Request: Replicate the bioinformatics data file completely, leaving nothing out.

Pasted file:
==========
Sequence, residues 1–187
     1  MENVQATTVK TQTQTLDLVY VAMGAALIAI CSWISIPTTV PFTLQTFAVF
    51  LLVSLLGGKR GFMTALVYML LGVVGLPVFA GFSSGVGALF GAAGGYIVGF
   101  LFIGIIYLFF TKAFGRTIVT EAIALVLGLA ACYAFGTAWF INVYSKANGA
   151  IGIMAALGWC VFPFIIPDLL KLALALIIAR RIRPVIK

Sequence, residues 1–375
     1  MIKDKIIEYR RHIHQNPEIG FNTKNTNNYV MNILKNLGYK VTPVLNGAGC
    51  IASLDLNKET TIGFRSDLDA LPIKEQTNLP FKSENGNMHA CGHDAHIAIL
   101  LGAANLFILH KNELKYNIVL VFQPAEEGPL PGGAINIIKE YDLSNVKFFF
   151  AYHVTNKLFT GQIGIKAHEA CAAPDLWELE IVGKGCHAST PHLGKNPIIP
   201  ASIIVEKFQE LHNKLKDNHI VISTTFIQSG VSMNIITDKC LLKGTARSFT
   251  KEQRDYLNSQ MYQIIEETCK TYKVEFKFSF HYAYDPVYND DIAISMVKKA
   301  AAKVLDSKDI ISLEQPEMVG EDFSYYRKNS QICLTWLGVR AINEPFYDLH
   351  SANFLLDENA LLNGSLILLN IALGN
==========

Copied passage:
Sequence, residues 1–187
     1  MENVQATTVK TQTQTLDLVY VAMGAALIAI CSWISIPTTV PFTLQTFAVF
    51  LLVSLLGGKR GFMTALVYML LGVVGLPVFA GFSSGVGALF GAAGGYIVGF
   101  LFIGIIYLFF TKAFGRTIVT EAIALVLGLA ACYAFGTAWF INVYSKANGA
   151  IGIMAALGWC VFPFIIPDLL KLALALIIAR RIRPVIK

Sequence, residues 1–375
     1  MIKDKIIEYR RHIHQNPEIG FNTKNTNNYV MNILKNLGYK VTPVLNGAGC
    51  IASLDLNKET TIGFRSDLDA LPIKEQTNLP FKSENGNMHA CGHDAHIAIL
   101  LGAANLFILH KNELKYNIVL VFQPAEEGPL PGGAINIIKE YDLSNVKFFF
   151  AYHVTNKLFT GQIGIKAHEA CAAPDLWELE IVGKGCHAST PHLGKNPIIP
   201  ASIIVEKFQE LHNKLKDNHI VISTTFIQSG VSMNIITDKC LLKGTARSFT
   251  KEQRDYLNSQ MYQIIEETCK TYKVEFKFSF HYAYDPVYND DIAISMVKKA
   301  AAKVLDSKDI ISLEQPEMVG EDFSYYRKNS QICLTWLGVR AINEPFYDLH
   351  SANFLLDENA LLNGSLILLN IALGN